Rick and Morty is infamous for its questionable season premieres. Sometimes they are years apart, a couple are clumsy callbacks to past cliffhangers, and one caused the world to fall into a Szechuan sauce fuelled state of madness. Thankfully Rick and Morty’s fifth season finally gets it right. ‘Mort Dinner Rick Andre’, the self-contained first episode of season 5, is full of witty humour, and captures everything good about the series without triggering a wave of chaotic memes.
‘Mort Dinner Rick Andre’ (inspired by the 1981 comedy, My Dinner with Andre) is a classic Rick and Morty adventure, full of new memorable characters, hilarious plotlines about the fabric of time itself, and even features the downfall of an entire civilisation thanks to a bottle of wine.
Opening with our grandfather and grandson duo finding themselves in a standard life and death scenario, Morty is determined to survive after finally scoring a date with his dream girl Jessica. However, as he saves his and Rick’s life, he ends up summoning Rick’s long-time nemesis, Mr. Nimbus (Dan Harmon), the sexually liberated king of the ocean that randomly also controls the police.
Rick is no stranger to having the occasional rival, but having an officially dubbed nemesis is a first. With Mr. Nimbus being a showy unthreatening character, it’s intentionally a strange yet charming dynamic introduced into the series. Even Jerry, everyone’s favourite punching bag, points out the weird choice of this rival in a very Rick and Morty meta kinda way, but we are all assured by Rick that the king of the ocean, despite his first appearance, is indeed a massive “dick”. He proves to be right as Mr. Nimbus shows that he is a force to be reckoned with, a pompous jerk who smashes glasses after a single sip of alcohol, and a sexual magnet that even offers to have a threesome with Jerry and Beth.
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Putting aside the new charismatic character (who’ll hopefully make a return appearance), what makes the episode such a successful season premiere is its clever writing and clean plot. The main crux starts with Rick and Nimbus settling down to work through a new treaty. To help win over his aquatic enemy, Rick tells Morty to grab some wine that has been placed and aged in a Narnia like world that has an accelerated timeline. Morty’s interactions with this other world become the episode’s main focus, with Mr. Nimbus and Rick fading into the background. As Morty tries to get the booze and score a spare bottle for Jessica, the few minutes on earth are equal to a few decades in the Narnia-like world, where after a few mishaps and misunderstandings, Morty has become public enemy number one.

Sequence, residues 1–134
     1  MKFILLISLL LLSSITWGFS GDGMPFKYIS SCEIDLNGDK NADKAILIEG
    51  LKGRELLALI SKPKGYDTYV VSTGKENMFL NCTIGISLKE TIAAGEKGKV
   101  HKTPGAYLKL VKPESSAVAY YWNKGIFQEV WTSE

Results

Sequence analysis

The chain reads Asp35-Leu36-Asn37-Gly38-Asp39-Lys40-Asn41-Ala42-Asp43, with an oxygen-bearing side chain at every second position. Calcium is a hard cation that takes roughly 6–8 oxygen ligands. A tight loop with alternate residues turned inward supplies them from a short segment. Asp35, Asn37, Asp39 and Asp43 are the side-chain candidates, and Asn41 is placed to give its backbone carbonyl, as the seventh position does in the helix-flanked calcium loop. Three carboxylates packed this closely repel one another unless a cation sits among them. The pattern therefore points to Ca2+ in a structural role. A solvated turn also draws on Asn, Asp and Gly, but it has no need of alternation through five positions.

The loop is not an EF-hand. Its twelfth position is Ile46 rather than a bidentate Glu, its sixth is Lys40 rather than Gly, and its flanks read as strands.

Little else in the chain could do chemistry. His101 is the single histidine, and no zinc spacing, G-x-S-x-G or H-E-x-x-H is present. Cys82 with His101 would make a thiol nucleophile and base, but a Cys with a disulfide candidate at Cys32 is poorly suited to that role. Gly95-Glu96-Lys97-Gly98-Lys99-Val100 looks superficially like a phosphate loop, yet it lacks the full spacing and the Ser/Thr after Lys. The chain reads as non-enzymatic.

As Morty keeps coming back for more wine, we see the other world evolve from a medieval kingdom to a cyberpunk society. Every time Morty returns, he becomes more hated, making us laugh at his misfortune (like usual) and giving us short but hilarious depictions of fantasy and sci-fi tropes with each visit. The Narnia world’s epic revenge plot next to the somewhat relatable storyline of Morty trying desperately to have a smooth date juxtapose each other perfectly, and proves to be downright hilarious.
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Although Rick and Morty have played with the concept of time, and have previously shown how small decisions can be world-altering in episodes like Edge of Tomorty: Rick Die and Repeat, it has never been so focused or funny as it is here. The humour is bordering on dry black comedy, feeling reminiscent of season one of Rick and Morty, as the writing focuses on embracing the fun of the show while poking at overarching nerd culture instead of relying on big plot hooks, and zany one-liners (or pickles) to draw viewers in like past seasons. However, that being said, the plot here can be a bit predictable, and newer Rick and Morty fans may find the slight humour change polarising.
‘Mort Dinner Rick Andre’ is a perfect reintroduction into Rick and Morty for long time fans. It’s an episode that goes back to the show’s roots, going by the formula that was responsible for making the series into the massive success that it is today. It may not be anything revolutionary, but it is one of Rick and Morty’s better-written entries, and all in all, an impressively strong start for its fifth season.